As another defense, A-L contends that violations based on its exceedances of zinc should be excused because improper handling of samples in its own laboratory led to reports of higher zinc discharges than allowed. A-L has not demonstrated, however, that this is a defense to liability accepted in this circuit. Given the Act's scheme of strict liability, and the importance placed on self-monitoring and self-reporting, we are unlikely to adopt a new defense in this litigation, especially since the Act can be interpreted as creating an obligation to insure that the self-monitoring of pollutants is accurate, assigning the risk of inaccuracy to the company.

There are a number of U.S. claims, involving oil sheens, discoloration, foam, and pH levels not easily characterized, that A-L challenges as being unsuited for summary judgment. A-L contends that it did not cause certain discharges, that some discharges did not reach navigable waters, that some discoloration was not harmful, and that its discharges were on a par with the influent water as to certain characteristics ("no net add" defense). Defendant's Response in Opposition to U.S. Motions, Doc. No. 136, at 36-44. Fact disputes exist as to these claims, and they will be reserved for trial.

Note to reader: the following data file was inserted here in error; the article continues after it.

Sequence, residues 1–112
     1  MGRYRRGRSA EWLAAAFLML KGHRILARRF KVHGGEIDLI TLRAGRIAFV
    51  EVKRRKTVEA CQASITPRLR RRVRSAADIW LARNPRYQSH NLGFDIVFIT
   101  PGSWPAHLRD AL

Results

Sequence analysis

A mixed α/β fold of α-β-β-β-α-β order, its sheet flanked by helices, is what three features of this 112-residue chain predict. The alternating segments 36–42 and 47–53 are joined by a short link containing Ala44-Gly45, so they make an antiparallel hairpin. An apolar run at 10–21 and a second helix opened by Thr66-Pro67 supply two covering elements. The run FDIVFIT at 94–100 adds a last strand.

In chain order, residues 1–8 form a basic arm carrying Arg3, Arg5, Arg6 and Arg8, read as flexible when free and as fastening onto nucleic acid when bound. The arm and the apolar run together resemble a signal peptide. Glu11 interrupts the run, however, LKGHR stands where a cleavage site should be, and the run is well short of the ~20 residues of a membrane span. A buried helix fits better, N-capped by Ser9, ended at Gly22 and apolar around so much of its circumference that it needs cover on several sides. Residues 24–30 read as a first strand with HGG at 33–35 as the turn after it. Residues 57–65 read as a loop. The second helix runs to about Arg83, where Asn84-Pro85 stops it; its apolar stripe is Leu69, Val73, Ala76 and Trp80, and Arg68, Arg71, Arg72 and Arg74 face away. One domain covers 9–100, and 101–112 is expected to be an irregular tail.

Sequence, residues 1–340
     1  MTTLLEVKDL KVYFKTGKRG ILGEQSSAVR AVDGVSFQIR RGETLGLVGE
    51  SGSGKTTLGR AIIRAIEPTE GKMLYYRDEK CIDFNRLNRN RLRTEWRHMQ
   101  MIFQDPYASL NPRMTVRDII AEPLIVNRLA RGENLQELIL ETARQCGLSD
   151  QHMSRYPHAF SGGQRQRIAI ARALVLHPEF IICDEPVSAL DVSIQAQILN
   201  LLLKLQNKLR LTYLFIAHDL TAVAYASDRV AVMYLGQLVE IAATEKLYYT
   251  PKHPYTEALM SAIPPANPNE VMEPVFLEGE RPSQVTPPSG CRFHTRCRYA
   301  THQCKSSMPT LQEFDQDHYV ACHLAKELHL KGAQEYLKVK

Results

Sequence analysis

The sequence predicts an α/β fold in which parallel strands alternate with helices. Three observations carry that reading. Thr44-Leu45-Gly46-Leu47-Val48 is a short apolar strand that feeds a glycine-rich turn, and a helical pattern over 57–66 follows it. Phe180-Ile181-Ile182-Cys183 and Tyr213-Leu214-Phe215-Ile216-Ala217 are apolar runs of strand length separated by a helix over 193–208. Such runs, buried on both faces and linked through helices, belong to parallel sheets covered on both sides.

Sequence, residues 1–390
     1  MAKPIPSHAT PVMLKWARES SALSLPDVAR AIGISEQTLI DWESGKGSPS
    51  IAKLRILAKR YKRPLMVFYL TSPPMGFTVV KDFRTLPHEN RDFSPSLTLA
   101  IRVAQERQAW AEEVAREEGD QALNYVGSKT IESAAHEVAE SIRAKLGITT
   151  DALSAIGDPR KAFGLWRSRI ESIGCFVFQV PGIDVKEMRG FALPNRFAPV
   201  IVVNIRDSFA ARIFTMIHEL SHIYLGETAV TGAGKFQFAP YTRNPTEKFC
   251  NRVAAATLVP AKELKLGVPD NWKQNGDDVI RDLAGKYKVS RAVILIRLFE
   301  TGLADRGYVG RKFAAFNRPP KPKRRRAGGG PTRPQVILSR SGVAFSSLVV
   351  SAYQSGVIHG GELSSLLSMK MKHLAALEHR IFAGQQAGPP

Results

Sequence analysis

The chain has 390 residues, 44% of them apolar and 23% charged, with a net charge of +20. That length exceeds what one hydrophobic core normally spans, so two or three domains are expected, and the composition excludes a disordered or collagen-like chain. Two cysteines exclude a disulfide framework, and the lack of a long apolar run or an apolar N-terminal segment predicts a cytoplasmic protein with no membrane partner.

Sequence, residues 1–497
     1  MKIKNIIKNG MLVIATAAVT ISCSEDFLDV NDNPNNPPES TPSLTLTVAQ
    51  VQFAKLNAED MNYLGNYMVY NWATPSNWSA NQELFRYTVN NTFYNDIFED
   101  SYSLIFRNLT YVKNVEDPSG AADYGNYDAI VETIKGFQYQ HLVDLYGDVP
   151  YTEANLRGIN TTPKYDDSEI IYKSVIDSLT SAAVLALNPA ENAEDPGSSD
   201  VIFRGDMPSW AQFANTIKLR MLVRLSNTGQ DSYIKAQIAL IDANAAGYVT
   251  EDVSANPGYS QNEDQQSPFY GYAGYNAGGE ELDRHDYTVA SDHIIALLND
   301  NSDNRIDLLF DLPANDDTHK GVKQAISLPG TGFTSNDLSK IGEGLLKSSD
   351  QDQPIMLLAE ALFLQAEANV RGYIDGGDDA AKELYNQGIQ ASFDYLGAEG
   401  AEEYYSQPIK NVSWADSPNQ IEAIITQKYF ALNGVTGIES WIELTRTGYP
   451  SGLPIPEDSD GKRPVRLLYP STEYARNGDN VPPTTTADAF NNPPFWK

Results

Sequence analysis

A-L also argues that certain claims are barred by agreements between it and the Authority and the PADEP. A-L asserts that res judicata principles foreclose action by the U.S. over the same problems. The court disagrees. The U.S. has independent authority under the Act to pursue its own enforcement actions regardless of the contracts with, or enforcement by, state and local officials. 33 U.S.C. § 1342. We therefore find that the terms of, and conduct pursuant to, agreements between A-L, the Authority, and PADEP are not defenses to liability as argued by A-L.

IV. US Second Motion for Partial Summary Judgment on Liability-Unreported Violations